There is no doubt that the last six years have been great ones, at least for the Retirement Portfolio For Do It Yourselfers. After that success, I have to believe that the next six years are going to be just as good, if not better.
You might be asking yourself, "Why does he think that?" Well, like I've said before, I don't have a crystal ball and I'm not a psychic. What I am is a Dividend Growth Investor.
That means I invest in companies that pay dividends. Companies that have raised those dividends every year for a long periods of time. And companies that have the earnings power to sustain those dividends moving forward.
Now before anyone gets all pushed out of joint, I will be the first to acknowledge that there have been many dividend paying stocks in the past that stopped paying dividends. I've read criticisms of Dividend Growth Investing with people saying things like, "How do you like Bank of America's (BAC) dividend today?" Some will argue that picking stocks is a tricky business and picking dividend stocks is even trickier. They will argue that your portfolio is "cherry picked" or that you must be some kind of a "genius" to have picked the stocks that you put into your portfolio.
In reality, even Dividend Growth Investors make mistakes. Sometimes we purchase a stock that has gotten overvalued - but we love its dividend. Sometimes we buy a stock that goes down in price and loses value [ Frontier Communications (FTR), CenturyLink (CTL), and AFLAC (AFL)]. Most of the time, we have "winners" and we have "losers" in our portfolios - very much like the growth investor. The only difference is that income and growth over time are more important to us than just pure capital appreciation.
It has been my experience, however, to come to see that a company that has been increasing dividends for a number of years has as part of its corporate culture a dividend paying mentality. Do things change? Sure they do. When the company stops paying/raising the dividend, it no longer is as attractive to me and normally, it gets sold very soon after that event. But there are companies out there that are committed as part of their corporate culture to continue to pay shareholders a dividend.
The Retirement Portfolio For Do It Yourselfers
Six years ago, my kids and I put together a portfolio of dividend paying stocks. We believe that this portfolio is good for older people like me and younger people like them. The portfolio got its name from the notion that my kids are "do it yourselfers" and this is the portfolio that they will use to provide income in their retirement years.
Let's take a look at how the portfolio finished the year. To refresh your memory, the portfolio began with a $10,000 investment in 10 different dividend growth stocks.
As you can see, the portfolio did very nicely over the last 6 years, with dividends being reinvested. The table above shows each of the original components of the portfolio and how they ended the year. The big gainer was McDonalds MCD. The original 100k portfolio grew to 174k in 6 years!
Changes In The Portfolio
The plan has always been to expand the portfolio beyond 10 core holdings. In order to do that, without adding additional capital, it was decided that we would trim our positions, in order to raise enough money to purchase five new holdings. So, right after the New Year, we put together sell orders and this is what we did.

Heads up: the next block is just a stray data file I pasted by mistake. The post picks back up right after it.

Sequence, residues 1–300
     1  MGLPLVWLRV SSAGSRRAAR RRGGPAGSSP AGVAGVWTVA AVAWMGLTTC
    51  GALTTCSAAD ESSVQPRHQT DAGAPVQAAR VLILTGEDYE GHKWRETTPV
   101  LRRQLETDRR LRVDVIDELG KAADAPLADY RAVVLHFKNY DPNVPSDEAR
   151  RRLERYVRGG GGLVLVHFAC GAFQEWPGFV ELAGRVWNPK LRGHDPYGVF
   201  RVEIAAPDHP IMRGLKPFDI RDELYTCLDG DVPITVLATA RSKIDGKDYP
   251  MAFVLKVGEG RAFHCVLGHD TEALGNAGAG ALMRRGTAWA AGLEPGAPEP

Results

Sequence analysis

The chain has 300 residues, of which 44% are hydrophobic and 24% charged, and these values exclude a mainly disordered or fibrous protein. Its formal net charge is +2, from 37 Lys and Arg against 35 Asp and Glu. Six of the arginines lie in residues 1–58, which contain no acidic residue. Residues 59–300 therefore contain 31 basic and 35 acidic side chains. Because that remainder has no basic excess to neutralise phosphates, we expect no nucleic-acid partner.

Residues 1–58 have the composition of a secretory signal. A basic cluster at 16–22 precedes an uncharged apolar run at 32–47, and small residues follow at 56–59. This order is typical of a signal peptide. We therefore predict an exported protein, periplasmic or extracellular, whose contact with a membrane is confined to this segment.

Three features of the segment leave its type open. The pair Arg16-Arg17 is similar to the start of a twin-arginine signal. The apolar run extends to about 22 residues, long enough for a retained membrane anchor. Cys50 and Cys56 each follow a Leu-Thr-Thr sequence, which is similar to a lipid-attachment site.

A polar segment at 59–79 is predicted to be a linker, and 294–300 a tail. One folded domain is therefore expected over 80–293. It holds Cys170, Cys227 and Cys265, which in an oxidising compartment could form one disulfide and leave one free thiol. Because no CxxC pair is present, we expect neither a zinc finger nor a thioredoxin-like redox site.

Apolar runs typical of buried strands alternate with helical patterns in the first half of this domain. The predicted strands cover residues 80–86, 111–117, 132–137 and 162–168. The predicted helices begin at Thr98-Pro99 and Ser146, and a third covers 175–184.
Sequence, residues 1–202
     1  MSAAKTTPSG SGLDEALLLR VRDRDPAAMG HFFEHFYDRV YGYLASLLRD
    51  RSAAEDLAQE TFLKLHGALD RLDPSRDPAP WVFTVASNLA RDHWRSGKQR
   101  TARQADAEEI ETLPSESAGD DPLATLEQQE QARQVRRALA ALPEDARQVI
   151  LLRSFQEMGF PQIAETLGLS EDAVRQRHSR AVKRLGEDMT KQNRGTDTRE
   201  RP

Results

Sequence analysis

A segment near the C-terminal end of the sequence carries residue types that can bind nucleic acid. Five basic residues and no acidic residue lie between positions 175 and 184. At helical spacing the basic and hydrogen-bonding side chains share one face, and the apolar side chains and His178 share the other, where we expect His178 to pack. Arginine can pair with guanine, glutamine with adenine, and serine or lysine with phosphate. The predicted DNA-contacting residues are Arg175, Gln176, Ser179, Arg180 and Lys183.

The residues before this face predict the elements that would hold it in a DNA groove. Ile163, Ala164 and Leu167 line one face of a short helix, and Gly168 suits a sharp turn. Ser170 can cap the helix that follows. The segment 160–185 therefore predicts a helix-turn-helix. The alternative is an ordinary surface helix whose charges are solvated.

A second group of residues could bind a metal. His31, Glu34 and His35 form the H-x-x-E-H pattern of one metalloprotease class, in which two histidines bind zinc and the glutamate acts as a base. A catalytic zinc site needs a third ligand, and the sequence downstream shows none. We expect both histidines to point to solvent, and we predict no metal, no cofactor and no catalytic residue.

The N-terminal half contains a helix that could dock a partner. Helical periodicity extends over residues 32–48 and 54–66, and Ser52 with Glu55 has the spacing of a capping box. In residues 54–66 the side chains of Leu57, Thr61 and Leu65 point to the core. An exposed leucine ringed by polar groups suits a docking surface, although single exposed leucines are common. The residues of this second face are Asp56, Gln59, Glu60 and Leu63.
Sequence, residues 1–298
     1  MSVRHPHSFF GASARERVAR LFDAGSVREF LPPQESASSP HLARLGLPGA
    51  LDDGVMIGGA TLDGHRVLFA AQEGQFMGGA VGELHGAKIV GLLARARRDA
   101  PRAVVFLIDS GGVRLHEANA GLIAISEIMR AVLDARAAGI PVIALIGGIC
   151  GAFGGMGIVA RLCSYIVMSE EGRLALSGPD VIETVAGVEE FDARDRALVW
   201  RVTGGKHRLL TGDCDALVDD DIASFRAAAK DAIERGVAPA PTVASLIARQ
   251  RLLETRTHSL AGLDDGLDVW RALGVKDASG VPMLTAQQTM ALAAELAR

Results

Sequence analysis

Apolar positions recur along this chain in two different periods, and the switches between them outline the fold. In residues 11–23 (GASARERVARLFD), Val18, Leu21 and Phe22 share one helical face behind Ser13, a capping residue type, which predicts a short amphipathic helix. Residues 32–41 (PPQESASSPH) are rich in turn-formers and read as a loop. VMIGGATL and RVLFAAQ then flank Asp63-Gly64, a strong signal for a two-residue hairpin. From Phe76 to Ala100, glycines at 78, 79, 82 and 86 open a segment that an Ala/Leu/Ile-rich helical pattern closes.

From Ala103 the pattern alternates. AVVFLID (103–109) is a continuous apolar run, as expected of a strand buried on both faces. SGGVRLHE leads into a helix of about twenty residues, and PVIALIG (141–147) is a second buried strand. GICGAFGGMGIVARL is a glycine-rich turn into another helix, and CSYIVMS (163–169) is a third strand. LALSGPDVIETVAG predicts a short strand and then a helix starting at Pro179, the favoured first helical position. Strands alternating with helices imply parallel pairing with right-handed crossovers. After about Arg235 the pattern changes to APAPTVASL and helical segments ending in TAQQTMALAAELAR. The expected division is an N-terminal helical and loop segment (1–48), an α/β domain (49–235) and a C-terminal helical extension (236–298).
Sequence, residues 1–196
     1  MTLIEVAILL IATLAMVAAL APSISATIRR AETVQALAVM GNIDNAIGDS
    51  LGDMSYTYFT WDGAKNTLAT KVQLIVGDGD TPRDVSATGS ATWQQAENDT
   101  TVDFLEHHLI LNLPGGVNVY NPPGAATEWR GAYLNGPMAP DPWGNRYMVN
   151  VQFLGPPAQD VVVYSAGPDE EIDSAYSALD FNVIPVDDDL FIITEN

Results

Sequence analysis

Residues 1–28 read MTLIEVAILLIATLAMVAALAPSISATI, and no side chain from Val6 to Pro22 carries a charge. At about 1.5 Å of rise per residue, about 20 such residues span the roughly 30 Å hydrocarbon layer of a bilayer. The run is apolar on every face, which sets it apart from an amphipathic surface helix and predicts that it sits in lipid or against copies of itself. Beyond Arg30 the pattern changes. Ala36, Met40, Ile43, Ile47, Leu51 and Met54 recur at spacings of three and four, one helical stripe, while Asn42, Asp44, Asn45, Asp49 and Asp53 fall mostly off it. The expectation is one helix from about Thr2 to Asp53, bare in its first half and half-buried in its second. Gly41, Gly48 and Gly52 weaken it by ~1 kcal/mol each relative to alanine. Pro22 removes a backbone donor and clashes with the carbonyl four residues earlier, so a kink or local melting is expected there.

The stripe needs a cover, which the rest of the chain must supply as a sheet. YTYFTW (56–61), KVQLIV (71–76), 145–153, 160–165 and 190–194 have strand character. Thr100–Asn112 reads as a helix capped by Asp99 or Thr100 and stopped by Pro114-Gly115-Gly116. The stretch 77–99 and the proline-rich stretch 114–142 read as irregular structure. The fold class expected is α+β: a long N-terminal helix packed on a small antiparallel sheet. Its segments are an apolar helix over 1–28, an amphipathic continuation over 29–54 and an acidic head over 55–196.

On January 3rd, I placed sell orders for McDonald's (MCD), Coca-Cola (KO), Colgate-Palmolive (CL), Abbott Labs (ABT) , Exxon Mobil (XOM), Kimberly-Clark (KMB), AT&T (T), Wal-Mart (WMT), Procter & Gamble (PG), and Johnson & Johnson (JNJ). Here are the results of those sales and the money generated:
By pruning the portfolio, we were able to capture $66,710 dollars to reinvest in new positions.
Last year, we told you that we had identified five stocks that we wanted to add to the portfolio. We were going to add 4 Dividend Champions and 1 Dividend Contender to our mix.
How The Portfolio Looks Now
For simplicity, I have listed the new portfolio with the additions at the top of the table. These are in bold print and are above the line. The performance of these stocks from the time of purchase, through the close of the market is listed for your review.
The portfolio currently has a value of $161,180 in the equities held. The changes in the portfolio left us with $16,564 in cash. As a result, as of the close of the market on January 20, the total portfolio was worth $177,334, mostly due to the market advance through the month of January.
The cash amount will be used as opportunities present themselves during the year ahead. We may add to existing positions, but my inclination is to look for opportunities in another stock choice or two.
The goal here was to show the transactions that we have completed, with our sales and purchases. In coming articles, updating the portfolio activities, we will discuss any trades, dividend payments and the current status of the portfolio.
If you were to take the closing price of the original companies, for January 4, the year-to-date performance of the portfolio would be 2.4% positive.
That would translate into $3,603 without any dividends applied. The big winners (capital gain) have been in the new stock additions while the original companies have not done as well.
But, then again, dividend growth investing is about dividends and their growth first, capital gains maybe, second.
It is our intention to make sure that we do a quarterly update and we will keep you informed as to how things are going with the portfolio moving forward.